Surprising as it may seem, the principle of Murphy's Law is even found in Scripture. The book of Proverbs is filled with advice against being careless and overlooking mistakes. It points out that the person who is negligent and careless will usually have a hard time in life and bring problems on himself.

Consider, for example, these particular proverbs:

• "He who has a slack hand becomes poor, but the hand of the diligent makes rich" (Proverbs 10:4).

• "The hand of the diligent will rule, but the lazy man will be put to forced labor" (Proverbs 12:24).

Perhaps you have noticed that overconfidence can generate costly mistakes. It's always easier to take things for granted or assume they are right, but failing or refusing to double-check what we've done gives Murphy's Law a chance to exact its toll.

The book of Proverbs also brings out this lesson in life:

• "Pride goes before destruction, and a haughty spirit before a fall" (Proverbs 16:18).

• "The simple believes every word, but the prudent considers well his steps. A wise man fears and departs from evil, but a fool rages and is self-confident" (Proverbs 14:15-16).

Of course, sometimes we just don't pay enough attention to what we do. We lack concentration. "Keep your mind on what you're doing while you're doing it," as one successful man put it. Also, we don't always exercise sufficient common sense and foresight. Such lack of discernment of potential problems in life can lead to serious errors and problems.

• "Folly is joy to him who is destitute

of discernment, but a man of understanding walks uprightly" (Proverbs 15:21).

We can live a much better life by avoiding carelessness in our studies, work and family life. Sometimes paying attention to details makes the difference between success and failure.

Perhaps the best story to illustrate this principle is the legend of the death of King Richard III of England. In an epic battle to decide who was going to rule England, Richard faced the forces of Henry, duke of Richmond. He wanted to prepare his horse for battle, but the blacksmith didn't have enough nails for the last horseshoe.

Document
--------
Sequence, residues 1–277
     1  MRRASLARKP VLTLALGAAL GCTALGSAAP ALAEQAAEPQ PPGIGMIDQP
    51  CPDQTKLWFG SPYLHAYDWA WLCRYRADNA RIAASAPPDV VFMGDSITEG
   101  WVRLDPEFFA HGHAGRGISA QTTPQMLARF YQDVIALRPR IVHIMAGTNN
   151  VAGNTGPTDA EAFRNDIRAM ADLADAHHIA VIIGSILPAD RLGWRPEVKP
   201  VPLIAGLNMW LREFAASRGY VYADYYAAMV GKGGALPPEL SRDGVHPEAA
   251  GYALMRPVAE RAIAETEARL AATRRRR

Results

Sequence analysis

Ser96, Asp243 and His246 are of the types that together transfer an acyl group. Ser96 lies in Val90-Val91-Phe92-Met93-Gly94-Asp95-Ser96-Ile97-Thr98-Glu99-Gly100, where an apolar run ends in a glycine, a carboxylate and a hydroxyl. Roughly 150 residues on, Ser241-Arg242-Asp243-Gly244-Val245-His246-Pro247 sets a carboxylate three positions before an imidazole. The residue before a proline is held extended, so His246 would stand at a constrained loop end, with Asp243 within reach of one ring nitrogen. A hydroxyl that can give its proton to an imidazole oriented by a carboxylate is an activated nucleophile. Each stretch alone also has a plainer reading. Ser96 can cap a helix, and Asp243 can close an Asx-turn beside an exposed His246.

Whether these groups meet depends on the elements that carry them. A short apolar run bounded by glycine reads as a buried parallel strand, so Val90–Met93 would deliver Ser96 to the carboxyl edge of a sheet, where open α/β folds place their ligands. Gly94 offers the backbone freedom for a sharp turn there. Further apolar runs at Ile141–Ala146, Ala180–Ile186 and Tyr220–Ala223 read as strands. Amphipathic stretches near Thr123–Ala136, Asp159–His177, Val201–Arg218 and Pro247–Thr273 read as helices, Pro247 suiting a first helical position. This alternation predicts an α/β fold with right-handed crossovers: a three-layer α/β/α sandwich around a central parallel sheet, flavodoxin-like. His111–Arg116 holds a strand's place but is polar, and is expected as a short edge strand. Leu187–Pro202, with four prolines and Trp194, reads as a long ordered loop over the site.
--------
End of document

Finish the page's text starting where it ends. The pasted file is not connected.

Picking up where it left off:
Impatiently, Richard's guard asked the blacksmith, "Will the shoe hold?" The blacksmith replied, "I'm not sure; it lacks the final nail."

"Very well," said the guard, "it will have to do."

He left and handed the king the horse.

Soon, as the two forces clashed on the battlefield, King Richard was in the thick of things, fighting and encouraging his men. Then he noticed some of his men were retreating. The king galloped forth to steady them when the missing nail did its mischief.

The horseshoe came off, the horse tripped, and the king fell. Before he could recover, the horse fled in fright. His men saw him fall and lost courage. As Henry's men closed in around him, Richard cried out: "A horse! A horse! My kingdom for a horse!"

But it was too late. His army fled, and he was killed.

Perhaps all was lost for the lack of a simple horseshoe nail. If this legend is indeed true, Murphy's Law was alive and well here, as throughout human history.

Does Murphy's Law have to impact your life? Maybe so, but maybe not. You can watch for it and be on guard against it. How? By simply applying some of the biblical proverbs discussed earlier. Reread those lessons so you don't have to learn them the hard way. By guarding against Murphy's Law, it will then not work its damage in your life.

If we remember that carelessness will eventually exact a costly price, perhaps we will not take things for granted and double-check what we do. If we diligently follow these principles, then maybe we can steer clear of Murphy's Law. GN